Home Forums General Discussion Forum Howard Miller

  • This topic is empty.
Viewing 4 posts - 1 through 4 (of 4 total)
  • Author
  • #49400

      I have just adoptyed a 7 year old howard Miller.Works great.I wanted to oil the movement.I couldn’t remove the hour hand.I wanted to take the dial out but I didn’t want to damage it.Would a crow bar be the right tool to use to remove the hour hand?


        @fcporto5/0 wrote:

        Would a crow bar be the right tool to use to remove the hour hand?

        with a big sledgehammer 😆 I hear yah, they can be tough to get off. There is a thread here somewhere about getting hands off a smaller clock, the same techniques and solution can be used. You have probably tried firmly grasping the hand at the center and twisting / pulling at the same time. These hour hands most likely have a split collet, friction fit on a tapered tube. When they are gummed up or way too tight it just takes a little more “careful” force. Have a look at other threads on the subject, youll get it….be careful not to damage your dial….William

        bernie weishapl

          Like William said most of the clocks hour hand are just friction fit with a split collet. I generally get a hold of them and twist gently from side to side while pulling at the same time. Some can be a pain but most will come off. You could put a little penetrating oil on it and let it sit for awhile then try it. Wipe it down when it comes off. I have some hand removal tools kinda like a miniature crow bar but make sure you put something down on the dial so you don’t damage it. I use a piece of leather with a V cut in it to put under the hand to cover the dial.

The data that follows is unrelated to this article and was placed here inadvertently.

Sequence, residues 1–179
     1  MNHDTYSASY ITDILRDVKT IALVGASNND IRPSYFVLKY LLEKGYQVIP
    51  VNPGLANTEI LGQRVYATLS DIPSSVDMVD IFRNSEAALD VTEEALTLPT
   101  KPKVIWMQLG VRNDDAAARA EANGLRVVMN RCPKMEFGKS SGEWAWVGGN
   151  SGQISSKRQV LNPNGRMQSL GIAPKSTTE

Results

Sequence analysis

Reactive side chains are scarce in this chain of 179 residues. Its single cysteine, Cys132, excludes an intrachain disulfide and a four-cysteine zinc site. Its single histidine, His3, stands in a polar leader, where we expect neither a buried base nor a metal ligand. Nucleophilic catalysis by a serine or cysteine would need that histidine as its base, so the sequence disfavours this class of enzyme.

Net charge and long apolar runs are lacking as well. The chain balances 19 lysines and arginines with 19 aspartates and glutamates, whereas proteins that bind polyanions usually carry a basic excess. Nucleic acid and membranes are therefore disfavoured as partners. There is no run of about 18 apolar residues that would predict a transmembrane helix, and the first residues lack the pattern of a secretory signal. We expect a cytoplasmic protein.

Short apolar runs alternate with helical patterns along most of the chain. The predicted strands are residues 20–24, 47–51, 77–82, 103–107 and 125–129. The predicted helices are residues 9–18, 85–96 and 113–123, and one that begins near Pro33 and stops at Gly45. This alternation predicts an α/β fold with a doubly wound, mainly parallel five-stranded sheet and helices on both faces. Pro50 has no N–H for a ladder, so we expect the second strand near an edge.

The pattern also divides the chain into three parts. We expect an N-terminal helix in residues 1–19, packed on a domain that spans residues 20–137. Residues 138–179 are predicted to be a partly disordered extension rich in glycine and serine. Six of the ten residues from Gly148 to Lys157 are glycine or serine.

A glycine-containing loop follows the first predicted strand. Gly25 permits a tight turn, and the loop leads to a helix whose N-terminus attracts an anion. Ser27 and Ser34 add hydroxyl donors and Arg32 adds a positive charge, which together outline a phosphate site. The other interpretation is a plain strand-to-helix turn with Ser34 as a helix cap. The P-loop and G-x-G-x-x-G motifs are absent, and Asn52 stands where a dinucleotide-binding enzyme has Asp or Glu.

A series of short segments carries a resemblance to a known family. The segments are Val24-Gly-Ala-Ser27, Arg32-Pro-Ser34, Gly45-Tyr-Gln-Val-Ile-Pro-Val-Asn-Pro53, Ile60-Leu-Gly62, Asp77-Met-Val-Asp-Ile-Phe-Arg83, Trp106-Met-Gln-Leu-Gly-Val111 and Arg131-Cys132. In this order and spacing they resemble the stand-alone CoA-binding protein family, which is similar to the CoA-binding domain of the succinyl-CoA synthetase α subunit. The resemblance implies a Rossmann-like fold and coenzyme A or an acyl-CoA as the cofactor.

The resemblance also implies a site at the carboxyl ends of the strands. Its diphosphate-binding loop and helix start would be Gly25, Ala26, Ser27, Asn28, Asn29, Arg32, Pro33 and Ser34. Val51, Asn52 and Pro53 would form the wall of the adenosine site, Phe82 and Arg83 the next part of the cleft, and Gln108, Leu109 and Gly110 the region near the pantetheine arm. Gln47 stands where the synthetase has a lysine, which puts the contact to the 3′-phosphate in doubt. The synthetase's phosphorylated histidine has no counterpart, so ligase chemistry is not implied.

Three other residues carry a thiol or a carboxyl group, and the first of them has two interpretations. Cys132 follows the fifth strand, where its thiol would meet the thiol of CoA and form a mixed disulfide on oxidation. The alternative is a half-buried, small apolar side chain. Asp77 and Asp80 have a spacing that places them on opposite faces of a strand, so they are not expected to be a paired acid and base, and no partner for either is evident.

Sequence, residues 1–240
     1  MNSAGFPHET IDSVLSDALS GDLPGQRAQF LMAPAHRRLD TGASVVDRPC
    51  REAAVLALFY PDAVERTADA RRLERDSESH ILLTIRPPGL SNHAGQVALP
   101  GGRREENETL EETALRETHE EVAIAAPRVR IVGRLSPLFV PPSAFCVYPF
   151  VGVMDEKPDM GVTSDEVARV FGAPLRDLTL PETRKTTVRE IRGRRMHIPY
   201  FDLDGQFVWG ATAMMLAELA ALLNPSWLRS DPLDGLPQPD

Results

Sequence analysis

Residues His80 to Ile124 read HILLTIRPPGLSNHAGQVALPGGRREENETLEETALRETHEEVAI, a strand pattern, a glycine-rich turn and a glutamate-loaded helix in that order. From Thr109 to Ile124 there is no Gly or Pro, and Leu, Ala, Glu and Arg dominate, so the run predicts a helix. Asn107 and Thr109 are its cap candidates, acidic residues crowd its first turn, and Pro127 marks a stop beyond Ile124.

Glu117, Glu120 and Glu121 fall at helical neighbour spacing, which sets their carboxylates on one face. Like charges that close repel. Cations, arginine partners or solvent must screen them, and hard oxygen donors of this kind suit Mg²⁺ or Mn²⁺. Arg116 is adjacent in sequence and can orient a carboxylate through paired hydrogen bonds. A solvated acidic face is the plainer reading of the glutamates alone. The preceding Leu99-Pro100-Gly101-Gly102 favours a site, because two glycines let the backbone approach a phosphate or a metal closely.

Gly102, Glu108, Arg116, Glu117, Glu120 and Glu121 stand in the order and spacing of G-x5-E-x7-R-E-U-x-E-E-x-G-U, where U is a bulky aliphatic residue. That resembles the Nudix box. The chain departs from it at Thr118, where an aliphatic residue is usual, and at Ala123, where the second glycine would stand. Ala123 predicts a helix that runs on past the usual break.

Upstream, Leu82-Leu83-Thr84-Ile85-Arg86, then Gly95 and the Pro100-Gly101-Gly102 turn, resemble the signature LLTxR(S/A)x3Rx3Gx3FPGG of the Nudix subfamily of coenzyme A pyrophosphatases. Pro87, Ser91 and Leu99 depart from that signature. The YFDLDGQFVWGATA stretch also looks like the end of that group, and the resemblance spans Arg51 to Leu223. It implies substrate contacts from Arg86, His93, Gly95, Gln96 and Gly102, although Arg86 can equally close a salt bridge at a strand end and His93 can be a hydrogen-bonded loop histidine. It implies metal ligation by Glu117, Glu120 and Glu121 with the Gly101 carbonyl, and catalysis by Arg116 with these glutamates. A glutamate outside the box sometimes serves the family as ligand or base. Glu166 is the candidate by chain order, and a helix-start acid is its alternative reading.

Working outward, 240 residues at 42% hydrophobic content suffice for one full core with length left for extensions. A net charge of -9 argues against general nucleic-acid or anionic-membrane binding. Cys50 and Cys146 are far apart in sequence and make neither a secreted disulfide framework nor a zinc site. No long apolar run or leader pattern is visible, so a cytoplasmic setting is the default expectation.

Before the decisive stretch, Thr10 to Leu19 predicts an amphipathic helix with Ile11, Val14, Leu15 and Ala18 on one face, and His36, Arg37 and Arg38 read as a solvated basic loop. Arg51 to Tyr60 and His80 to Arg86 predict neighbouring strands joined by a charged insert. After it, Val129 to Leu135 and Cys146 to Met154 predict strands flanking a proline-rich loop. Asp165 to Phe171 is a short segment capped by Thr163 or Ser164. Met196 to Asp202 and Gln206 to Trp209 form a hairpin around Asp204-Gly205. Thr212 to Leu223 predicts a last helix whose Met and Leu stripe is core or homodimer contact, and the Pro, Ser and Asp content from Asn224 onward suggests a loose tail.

William and Bernie once again have given EXCELLENT advice. I took a movement down at a customer’s house, and I had the same problem- solved with a “crow bar” or for my purposes, a lever, (a pair of them each about three inches long), made out of a piece of 1/4″ brass rod and carefully filed into a cup shape at the end, then used a piece of stout cardboard between the hands and the clock face, used a couple flat wooden shims when I needed a little more lift, and was successful removing them without leaving any trace that I worked there. Take your time, think it through and you should be okay- Good Luck. Regards, Tukat

          Viewing 4 posts - 1 through 4 (of 4 total)
          • You must be logged in to reply to this topic.